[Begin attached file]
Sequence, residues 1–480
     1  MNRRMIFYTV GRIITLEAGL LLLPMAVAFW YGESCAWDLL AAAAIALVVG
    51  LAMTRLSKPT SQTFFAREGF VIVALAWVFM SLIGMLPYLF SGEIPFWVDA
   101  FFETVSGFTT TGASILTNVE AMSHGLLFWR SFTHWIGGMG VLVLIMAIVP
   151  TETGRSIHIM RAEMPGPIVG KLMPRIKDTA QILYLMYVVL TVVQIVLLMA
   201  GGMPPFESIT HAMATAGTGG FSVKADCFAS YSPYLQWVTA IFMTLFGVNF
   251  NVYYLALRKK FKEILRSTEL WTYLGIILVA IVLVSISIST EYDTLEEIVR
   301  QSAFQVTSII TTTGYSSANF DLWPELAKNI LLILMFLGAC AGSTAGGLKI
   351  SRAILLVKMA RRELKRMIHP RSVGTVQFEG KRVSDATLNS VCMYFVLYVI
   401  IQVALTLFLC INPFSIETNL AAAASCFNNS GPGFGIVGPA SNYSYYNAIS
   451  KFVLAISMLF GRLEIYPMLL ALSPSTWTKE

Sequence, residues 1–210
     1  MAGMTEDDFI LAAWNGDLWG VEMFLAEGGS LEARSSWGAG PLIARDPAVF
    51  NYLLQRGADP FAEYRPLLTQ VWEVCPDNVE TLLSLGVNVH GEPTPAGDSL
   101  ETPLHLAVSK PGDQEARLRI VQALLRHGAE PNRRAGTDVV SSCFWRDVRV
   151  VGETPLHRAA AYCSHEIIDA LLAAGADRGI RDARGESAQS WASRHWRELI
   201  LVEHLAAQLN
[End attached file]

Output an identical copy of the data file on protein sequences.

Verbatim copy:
Sequence, residues 1–480
     1  MNRRMIFYTV GRIITLEAGL LLLPMAVAFW YGESCAWDLL AAAAIALVVG
    51  LAMTRLSKPT SQTFFAREGF VIVALAWVFM SLIGMLPYLF SGEIPFWVDA
   101  FFETVSGFTT TGASILTNVE AMSHGLLFWR SFTHWIGGMG VLVLIMAIVP
   151  TETGRSIHIM RAEMPGPIVG KLMPRIKDTA QILYLMYVVL TVVQIVLLMA
   201  GGMPPFESIT HAMATAGTGG FSVKADCFAS YSPYLQWVTA IFMTLFGVNF
   251  NVYYLALRKK FKEILRSTEL WTYLGIILVA IVLVSISIST EYDTLEEIVR
   301  QSAFQVTSII TTTGYSSANF DLWPELAKNI LLILMFLGAC AGSTAGGLKI
   351  SRAILLVKMA RRELKRMIHP RSVGTVQFEG KRVSDATLNS VCMYFVLYVI
   401  IQVALTLFLC INPFSIETNL AAAASCFNNS GPGFGIVGPA SNYSYYNAIS
   451  KFVLAISMLF GRLEIYPMLL ALSPSTWTKE

Sequence, residues 1–210
     1  MAGMTEDDFI LAAWNGDLWG VEMFLAEGGS LEARSSWGAG PLIARDPAVF
    51  NYLLQRGADP FAEYRPLLTQ VWEVCPDNVE TLLSLGVNVH GEPTPAGDSL
   101  ETPLHLAVSK PGDQEARLRI VQALLRHGAE PNRRAGTDVV SSCFWRDVRV
   151  VGETPLHRAA AYCSHEIIDA LLAAGADRGI RDARGESAQS WASRHWRELI
   201  LVEHLAAQLN